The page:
As the suspension of Twitter gets into the second week, some entrepreneurs and businesses have been counting their losses as most of their businesses depended on the platform to thrive in the country.
Nigeria announced the suspension on June 4, days after the platform removed a post from President Muhammadu Buhari that threatened to punish regional separatists. Most telecommunications sites have since blocked access.
The suspension has already created a market access gap for millions of small and medium scale enterprises (SMSEs) that use the platform to reach their customers. This could potentially complicate the challenges COVID-19 and other structural defects had imposed on businesses. Also hit is the e-commerce market in the country, estimated at $12 billion.
Social media influencers who earn a living from monetized tweets and other social media posts have started counting their losses, brands running marketing campaigns are exploring options, as the hope of immediate lifting of the suspension dims.
According to NetBlocks, a watchdog organisation that monitors cybersecurity and governance of the Internet, each hour of the suspension costs Nigeria $250,000 (N102.5 million), bringing the daily loss to N2.46 billion. It means the economy would have lost approximately N24.6 billion in the past 10 days.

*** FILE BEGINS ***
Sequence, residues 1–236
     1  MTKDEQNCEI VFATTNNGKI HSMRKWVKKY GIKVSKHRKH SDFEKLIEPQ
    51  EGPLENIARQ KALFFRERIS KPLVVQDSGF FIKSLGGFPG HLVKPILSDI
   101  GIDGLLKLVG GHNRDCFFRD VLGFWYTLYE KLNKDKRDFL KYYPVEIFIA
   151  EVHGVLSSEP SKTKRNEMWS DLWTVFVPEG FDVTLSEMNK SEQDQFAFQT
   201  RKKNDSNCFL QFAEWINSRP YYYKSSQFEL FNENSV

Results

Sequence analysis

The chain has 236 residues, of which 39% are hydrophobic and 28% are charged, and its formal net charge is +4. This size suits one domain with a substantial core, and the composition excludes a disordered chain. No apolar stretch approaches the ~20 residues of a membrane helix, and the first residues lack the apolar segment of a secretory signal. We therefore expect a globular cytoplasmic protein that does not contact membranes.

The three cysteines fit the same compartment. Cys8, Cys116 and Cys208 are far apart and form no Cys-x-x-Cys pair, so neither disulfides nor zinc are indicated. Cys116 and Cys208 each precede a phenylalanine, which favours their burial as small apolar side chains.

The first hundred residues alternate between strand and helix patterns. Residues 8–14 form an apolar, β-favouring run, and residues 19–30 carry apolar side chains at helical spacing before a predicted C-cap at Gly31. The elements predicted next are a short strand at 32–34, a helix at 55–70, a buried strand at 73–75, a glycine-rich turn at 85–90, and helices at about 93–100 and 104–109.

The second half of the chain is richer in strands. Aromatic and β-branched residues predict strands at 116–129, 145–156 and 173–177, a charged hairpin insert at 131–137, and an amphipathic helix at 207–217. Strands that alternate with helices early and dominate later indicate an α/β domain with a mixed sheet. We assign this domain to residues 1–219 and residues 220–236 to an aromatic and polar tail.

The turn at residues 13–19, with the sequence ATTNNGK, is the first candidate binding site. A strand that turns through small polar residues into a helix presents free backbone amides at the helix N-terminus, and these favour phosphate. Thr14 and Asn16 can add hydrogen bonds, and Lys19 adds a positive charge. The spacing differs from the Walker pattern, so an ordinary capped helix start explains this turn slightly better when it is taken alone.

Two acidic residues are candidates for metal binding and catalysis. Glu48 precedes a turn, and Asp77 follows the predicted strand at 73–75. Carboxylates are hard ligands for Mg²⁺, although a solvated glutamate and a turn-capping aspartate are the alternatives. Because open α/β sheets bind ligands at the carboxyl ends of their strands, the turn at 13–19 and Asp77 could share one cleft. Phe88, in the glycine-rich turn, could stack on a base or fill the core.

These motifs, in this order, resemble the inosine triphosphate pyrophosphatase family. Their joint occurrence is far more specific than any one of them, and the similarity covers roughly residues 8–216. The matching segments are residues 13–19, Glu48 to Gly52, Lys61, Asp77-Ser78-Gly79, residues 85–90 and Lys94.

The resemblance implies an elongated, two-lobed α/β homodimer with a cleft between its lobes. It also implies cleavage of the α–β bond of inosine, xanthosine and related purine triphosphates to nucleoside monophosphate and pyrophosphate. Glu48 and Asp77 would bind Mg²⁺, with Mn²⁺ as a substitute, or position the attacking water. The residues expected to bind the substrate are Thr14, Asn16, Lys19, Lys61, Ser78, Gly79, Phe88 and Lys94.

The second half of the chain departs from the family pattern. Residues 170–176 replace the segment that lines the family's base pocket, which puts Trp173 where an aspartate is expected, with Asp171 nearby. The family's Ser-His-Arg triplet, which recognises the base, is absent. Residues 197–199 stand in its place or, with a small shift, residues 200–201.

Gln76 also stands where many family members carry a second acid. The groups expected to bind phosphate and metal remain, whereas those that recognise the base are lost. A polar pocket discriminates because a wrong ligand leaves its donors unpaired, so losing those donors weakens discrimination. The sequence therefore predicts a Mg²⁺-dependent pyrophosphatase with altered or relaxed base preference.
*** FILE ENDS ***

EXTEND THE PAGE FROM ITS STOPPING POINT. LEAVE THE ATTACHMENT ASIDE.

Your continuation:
Lagos-based entrepreneur Ogechi Egemonu was selling more than 500,000 naira ($1,219) worth of watches, shoes and handbags on Twitter per week.
Now, with the site suspended by the Nigerian government, Egemonu does not know how she will cope.
“Social media is where I eat, I depend on social media for my livelihood.”
Scores of small and medium-sized businesses across Africa’s most populous nation – and largest economy – are reeling from the indefinite suspension of the social media site.
NOI Polls estimates that 39.6 million Nigerians use Twitter – 20 percent of them for business advertisement and 18 percent to look for employment.
Experts warn its lack of ready availability – it is accessible using Virtual Private Networks that mask location – could ripple across the economy.
“The ban has significant collateral damage,” said Muda Yusuf, director general of the Lagos Chamber of Commerce, who said that a “sizeable number of citizens” use Twitter to make a living.
Dumebi Iyeke, a research analyst with the Financial Derivatives Company, said it would hit young Nigerians – among whom there is a 45 percent unemployment rate – the hardest.
“We are looking at a potential loss in their revenue,” Iyeke said, adding that it could further lower living standards amid high inflation.
The value chain of people benefiting from Twitter as a marketing tool to share information and network business ideas is huge. Also, the economy of e-commerce businesses thrives online on digital platforms with the majority of business partners surfing the internet and using their Twitter handles to buy, sell and network ideas.